Saturday, 24 September 2016

Book Review: Something in Between by Melissa De La Cruz

Read: September 22-24  Verdict: 4.5 Stars

Jasmine De Los Santos is the All-American girl. She’s cheer captain, a shoe-in for valedictorian and a top-class student who has just won the prestigious National Scholar award but then Jasmine’s world crumbles when she finds out she is undocumented.

“I love my country. I love America. Being American is as much a part of me as breathing.”
This was a really great book and really gave me a look into the struggles and fears of being being an undocumented immigrant in the States, or indeed in any country in the world. Jasmine is perfect - almost too perfect. She is cheer captain, valedictorian, popular, beautiful, really, really clever but she definitely goes through a momentous journey of self-discovery once she finds out she’s an “illegal alien”. Jasmine’s identity crumbles and we are really with her along the way as she has to pick up piece by piece of herself and figure out who she is now.

“'I don’t even know who I am anymore.’I really don’t. I feel like a ghost in my own country. No matter what I do, I feel like I’m fading, like I’m becoming a shadow.”
I liked Jasmine’s strong roots with her Filipino background and family. A lot of her experiences with her family seem very close to what I would expect of families from different cultures. She’s encouraged to be American and strive for the American dream but she still needs to be a good Filipino girl who doesn’t go to parties and kiss boys, etc. She loves the Philippines and misses her family vacations to Manila. But that doesn’t mean she wants to live there. Jasmine is torn in a lot of way, she’s not Filipino, but suddenly she’s not American either. Who is she?

I really loved Jasmine’s relationship with Royce. I liked that it was going all sorts of ways at first because it was a text communication and it felt very real. They were just so super cute and I really enjoyed all of their best moments and when they weren’t at their best, I wanted them to make-up. I like that,because this book spans almost an entire year, we see a lot of the ups and downs of their very real relationships. They fight with each other and almost break up a few times over silly things like everyone has done with their partner but eventually they both come around, meet up and apologise They actually talked a lot of stuff out with each other all the time which was refreshing for a YA romance where we normally see things being bottled up for way too long. Their romance just seemed like the real deal to me - plus, I can totally see them being a power couple when they’re older.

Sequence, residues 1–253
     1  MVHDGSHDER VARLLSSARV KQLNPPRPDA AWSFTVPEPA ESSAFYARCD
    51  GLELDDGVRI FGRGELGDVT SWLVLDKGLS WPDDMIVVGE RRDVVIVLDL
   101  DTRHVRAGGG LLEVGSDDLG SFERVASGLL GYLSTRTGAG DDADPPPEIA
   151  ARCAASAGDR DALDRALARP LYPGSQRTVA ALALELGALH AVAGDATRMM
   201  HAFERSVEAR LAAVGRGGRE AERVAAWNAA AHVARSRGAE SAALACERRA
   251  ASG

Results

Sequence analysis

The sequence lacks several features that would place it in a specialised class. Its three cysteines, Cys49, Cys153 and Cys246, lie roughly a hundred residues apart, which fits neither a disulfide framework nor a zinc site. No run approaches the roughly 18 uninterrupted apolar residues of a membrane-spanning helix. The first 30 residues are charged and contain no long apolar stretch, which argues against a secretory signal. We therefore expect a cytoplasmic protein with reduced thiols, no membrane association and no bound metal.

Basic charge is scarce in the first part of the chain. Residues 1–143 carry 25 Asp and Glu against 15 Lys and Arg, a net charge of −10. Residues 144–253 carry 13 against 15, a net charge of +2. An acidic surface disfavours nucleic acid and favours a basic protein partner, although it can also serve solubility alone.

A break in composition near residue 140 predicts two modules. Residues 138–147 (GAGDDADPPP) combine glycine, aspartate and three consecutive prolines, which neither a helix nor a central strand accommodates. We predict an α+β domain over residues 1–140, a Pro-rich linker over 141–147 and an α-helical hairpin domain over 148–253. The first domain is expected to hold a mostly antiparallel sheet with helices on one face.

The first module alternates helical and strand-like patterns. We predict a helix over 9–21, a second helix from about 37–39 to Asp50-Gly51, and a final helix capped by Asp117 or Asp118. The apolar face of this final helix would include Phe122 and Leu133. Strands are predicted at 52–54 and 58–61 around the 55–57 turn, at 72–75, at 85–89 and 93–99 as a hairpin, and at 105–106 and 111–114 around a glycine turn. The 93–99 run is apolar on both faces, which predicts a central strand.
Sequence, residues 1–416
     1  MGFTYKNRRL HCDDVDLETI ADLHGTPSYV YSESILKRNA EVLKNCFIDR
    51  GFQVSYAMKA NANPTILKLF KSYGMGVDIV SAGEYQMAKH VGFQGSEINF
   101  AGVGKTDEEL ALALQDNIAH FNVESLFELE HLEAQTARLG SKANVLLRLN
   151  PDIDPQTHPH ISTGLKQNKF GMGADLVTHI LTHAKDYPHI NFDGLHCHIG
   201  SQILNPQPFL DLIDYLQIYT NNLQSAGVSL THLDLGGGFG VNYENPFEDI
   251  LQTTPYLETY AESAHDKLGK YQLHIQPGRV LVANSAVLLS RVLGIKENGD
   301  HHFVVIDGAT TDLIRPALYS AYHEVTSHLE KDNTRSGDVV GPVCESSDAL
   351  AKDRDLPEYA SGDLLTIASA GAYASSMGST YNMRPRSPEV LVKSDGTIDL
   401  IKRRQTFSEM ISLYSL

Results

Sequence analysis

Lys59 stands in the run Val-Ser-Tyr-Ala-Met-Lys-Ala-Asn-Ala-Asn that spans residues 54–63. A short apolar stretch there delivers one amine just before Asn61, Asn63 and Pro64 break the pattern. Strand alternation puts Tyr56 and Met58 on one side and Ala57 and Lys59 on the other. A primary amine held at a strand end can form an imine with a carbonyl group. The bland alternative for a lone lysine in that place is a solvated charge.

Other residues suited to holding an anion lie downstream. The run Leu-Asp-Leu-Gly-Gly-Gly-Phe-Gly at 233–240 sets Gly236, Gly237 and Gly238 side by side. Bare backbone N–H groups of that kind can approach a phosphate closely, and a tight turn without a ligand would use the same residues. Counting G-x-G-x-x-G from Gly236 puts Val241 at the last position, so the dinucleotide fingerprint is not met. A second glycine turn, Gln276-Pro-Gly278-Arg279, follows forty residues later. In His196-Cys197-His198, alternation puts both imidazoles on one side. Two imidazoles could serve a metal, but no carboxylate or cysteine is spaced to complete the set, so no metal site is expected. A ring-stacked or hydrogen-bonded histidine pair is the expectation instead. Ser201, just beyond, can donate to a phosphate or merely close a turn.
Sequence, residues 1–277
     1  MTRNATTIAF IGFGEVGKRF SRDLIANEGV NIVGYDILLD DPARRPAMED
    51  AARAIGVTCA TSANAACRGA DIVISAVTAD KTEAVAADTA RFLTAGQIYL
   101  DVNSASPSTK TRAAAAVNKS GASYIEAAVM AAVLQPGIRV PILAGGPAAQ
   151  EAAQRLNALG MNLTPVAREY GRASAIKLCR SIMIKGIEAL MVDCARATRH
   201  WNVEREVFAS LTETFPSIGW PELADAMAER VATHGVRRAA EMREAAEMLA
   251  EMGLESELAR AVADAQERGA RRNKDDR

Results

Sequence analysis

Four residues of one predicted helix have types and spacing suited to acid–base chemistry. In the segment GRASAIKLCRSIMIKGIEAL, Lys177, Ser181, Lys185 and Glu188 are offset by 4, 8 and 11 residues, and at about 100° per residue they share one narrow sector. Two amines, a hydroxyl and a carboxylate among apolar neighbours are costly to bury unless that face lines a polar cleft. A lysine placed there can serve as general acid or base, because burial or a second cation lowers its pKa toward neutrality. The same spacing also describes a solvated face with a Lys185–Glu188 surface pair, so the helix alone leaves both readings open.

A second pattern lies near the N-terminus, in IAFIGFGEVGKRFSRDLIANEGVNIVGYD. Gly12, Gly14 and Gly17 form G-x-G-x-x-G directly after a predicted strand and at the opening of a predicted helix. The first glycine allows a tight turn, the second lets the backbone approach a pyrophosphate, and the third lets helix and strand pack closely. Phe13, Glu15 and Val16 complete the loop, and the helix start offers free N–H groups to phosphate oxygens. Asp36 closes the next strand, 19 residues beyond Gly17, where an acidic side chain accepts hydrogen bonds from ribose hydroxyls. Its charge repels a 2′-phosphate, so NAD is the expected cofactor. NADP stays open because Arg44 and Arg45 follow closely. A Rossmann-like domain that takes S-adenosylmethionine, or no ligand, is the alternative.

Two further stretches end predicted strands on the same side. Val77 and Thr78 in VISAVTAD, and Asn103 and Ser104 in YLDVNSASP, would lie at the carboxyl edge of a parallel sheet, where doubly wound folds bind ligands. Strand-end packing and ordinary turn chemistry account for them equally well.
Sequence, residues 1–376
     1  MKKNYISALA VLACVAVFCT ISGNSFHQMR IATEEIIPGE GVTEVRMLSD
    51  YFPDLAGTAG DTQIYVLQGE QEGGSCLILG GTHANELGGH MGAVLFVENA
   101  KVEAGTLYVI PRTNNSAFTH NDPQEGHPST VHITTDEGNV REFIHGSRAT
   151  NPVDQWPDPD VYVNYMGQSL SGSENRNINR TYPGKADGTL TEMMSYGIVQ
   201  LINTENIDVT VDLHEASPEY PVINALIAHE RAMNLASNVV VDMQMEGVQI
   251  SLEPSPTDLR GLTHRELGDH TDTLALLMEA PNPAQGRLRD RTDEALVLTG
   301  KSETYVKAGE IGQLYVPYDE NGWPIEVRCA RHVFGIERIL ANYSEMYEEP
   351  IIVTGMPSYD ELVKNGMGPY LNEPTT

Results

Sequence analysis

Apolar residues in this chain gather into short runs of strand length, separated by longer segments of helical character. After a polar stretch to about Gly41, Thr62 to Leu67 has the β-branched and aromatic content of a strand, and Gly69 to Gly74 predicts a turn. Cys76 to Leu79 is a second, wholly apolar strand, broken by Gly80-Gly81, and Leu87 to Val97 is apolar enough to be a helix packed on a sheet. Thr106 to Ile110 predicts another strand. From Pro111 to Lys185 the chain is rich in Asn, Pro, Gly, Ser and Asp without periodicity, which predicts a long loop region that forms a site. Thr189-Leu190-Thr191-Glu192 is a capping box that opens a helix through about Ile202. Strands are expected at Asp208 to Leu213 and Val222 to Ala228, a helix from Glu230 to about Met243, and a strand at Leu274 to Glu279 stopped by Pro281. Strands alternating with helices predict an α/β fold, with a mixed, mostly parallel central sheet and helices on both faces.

“Most of all, I like how he looks into my eyes like he’s seeing past the image everyone else sees into who I really am beyond all the things that I do. And he thinks I’m beautiful.”
I do think this book got a little bit long-winded at times and there were times I wanted Jasmine to stop waffling on and get to the point of things or let me know what was going on with the stuff that was actually important to the plot of the story. This story does take place over the course of the year so a lot of stuff happens, I just don’t think Jasmine needed to describe every single thing. I also wasn’t mad for the side-plot that was Mason. It was a bit predictive and boring, and there were parts I didn’t think made that much sense about him.

Overall I really enjoyed this book. I loved the story but I also enjoyed that it was a diverse book that opened my eyes into how some things around undocumented immigrants are handled in the States and how unfair some of the cases can be. i also liked the brief forays in the Filipino traditions and food, etc that Jasmine’s family indulged in.

“I’ve come to think of America as an open window - open to new possibilities, to the new life promised to those who journey from far away to reach its shores."

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